My Lost One
And I imagine trees as far as we can see: oak and elm and ash and maple and maybe spruce and fir and yew, intermingled in ways that would make no sense to an arborist, but I’m not one of those, so I imagine.
The ground beneath these trees is smooth and mostly flat, with little hillocks–I think you’d like that happy word, hillocks–here and there made by roots that swell the ground. The tree branches stretch outwards and up and the floor isn’t clogged with undergrowth or yearly layers of dead needles and decaying leaves. It is an open place, wide and far.
When I say forest or when I think your name, little one, I imagine all these things: the trees and the unclutter, the dappled sunshine and the cool shade, the gentle whispers of breeze but not wind, the faint stirrings of animal life but nothing scary or stalking. I imagine trees all of a similar height so that the canopy is leafy-solid, but enough light still trickles through so that other, younger ones can grow. There’s room underneath to walk and not be stalked, to sit on soft moss and not decaying leaves or sharp sticks, to lounge here in the crook of a big trunk that somehow doesn’t scratch my back or bend my posture, a space exactly my shape and soft enough to cradle me while I rest, warmed gently by the tree itself, sheltered from rain and sun and wind and scary things. I imagine that you’re out here somewhere, cradled too, like this, warm and safe. I’m so certain you’re here, I don’t even need to look. I feel you. I know.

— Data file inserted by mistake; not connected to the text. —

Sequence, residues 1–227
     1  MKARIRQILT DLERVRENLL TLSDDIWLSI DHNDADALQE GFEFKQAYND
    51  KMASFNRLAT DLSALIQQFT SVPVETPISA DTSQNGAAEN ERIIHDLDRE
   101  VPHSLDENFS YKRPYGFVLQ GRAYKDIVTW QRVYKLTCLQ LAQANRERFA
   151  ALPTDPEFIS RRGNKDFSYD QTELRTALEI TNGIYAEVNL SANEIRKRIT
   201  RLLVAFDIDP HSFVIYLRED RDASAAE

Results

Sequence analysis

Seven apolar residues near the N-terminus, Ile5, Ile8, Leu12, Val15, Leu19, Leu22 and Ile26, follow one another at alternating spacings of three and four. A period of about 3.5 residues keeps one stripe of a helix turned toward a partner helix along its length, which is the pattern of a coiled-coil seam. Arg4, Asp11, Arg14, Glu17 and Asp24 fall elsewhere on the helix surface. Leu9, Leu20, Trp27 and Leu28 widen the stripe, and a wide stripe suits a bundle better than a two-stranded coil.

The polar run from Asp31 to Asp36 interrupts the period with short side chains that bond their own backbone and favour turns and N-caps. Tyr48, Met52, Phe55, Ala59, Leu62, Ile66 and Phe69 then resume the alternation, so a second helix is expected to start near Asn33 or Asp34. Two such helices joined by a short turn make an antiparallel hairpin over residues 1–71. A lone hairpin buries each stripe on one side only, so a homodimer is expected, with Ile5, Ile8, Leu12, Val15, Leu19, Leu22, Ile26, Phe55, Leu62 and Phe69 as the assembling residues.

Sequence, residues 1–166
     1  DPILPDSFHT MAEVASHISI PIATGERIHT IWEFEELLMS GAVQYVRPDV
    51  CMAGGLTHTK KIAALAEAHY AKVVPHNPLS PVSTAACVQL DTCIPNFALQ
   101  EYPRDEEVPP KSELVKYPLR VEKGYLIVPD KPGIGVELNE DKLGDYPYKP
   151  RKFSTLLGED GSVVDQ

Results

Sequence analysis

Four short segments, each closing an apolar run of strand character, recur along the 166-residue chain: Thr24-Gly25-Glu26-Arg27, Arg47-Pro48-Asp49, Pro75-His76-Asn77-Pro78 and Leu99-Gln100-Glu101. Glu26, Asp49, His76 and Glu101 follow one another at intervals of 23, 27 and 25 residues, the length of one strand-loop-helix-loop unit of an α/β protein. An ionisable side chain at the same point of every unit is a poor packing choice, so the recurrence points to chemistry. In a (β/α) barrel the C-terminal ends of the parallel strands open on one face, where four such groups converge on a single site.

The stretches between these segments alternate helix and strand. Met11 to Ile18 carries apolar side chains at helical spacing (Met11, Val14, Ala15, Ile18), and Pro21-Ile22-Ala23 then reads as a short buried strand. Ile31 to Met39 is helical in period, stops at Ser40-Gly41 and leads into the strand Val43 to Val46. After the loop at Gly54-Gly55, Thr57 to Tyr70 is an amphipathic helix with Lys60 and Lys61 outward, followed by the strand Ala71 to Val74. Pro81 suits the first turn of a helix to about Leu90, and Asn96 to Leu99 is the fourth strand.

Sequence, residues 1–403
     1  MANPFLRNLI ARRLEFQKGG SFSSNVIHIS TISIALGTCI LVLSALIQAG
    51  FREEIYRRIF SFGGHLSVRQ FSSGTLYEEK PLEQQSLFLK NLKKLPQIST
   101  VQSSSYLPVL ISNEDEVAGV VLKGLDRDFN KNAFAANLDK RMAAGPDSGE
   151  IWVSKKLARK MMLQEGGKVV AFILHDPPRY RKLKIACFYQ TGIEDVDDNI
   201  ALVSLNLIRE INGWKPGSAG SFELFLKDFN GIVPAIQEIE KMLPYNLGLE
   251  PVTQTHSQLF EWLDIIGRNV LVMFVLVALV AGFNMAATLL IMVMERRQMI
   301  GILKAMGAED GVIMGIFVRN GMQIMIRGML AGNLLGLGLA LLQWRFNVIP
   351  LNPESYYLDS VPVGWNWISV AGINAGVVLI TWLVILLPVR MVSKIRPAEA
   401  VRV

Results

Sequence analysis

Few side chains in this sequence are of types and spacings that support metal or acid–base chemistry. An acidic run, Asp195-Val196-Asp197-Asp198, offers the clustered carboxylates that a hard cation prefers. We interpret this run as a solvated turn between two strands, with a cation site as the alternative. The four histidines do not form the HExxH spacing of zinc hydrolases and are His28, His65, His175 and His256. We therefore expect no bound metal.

Sometimes I’m afraid there’s no such forest, nothing even close to it. Sometimes I see only naked boles, leaves burnt to tumbled ash, single limbs stabbing an ivory sky that dies at the bare horizon. There are sharp sticks and growling things hiding in the shadows before and behind me. I stand rather than sit. It is crowded with dark and I shout into the cold.
Sometimes, worse, there’s nothing at all: no trees, no grass, no shelter, no sky. On those days, I stare and can’t see or move or shout. All is empty. I am empty.
But now, today, this forest, the one I imagine. Open, warm, wide and far. And here, somewhere, my lost one, you. Always you.
Aaron J. Housholder teaches writing and literature at a small university in the American Midwest. His work has appeared recently in Sledgehammer Lit, Barren Magazine, The Molotov Cocktail, Unnerving Magazine, phoebe journal, and elsewhere. He serves as the Fiction Editor for Relief Journal. You can find him on Twitter: @ProfAJH.
A Song for Aaron